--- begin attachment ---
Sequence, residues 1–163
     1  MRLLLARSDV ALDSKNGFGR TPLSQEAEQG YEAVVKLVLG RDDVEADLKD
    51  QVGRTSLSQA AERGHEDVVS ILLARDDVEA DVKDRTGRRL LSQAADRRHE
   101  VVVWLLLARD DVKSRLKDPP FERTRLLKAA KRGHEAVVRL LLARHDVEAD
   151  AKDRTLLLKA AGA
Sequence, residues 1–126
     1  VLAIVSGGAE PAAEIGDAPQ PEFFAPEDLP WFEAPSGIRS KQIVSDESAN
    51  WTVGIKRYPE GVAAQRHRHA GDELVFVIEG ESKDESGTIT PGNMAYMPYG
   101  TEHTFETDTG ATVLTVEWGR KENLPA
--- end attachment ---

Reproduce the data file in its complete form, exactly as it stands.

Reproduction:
Sequence, residues 1–163
     1  MRLLLARSDV ALDSKNGFGR TPLSQEAEQG YEAVVKLVLG RDDVEADLKD
    51  QVGRTSLSQA AERGHEDVVS ILLARDDVEA DVKDRTGRRL LSQAADRRHE
   101  VVVWLLLARD DVKSRLKDPP FERTRLLKAA KRGHEAVVRL LLARHDVEAD
   151  AKDRTLLLKA AGA
Sequence, residues 1–126
     1  VLAIVSGGAE PAAEIGDAPQ PEFFAPEDLP WFEAPSGIRS KQIVSDESAN
    51  WTVGIKRYPE GVAAQRHRHA GDELVFVIEG ESKDESGTIT PGNMAYMPYG
   101  TEHTFETDTG ATVLTVEWGR KENLPA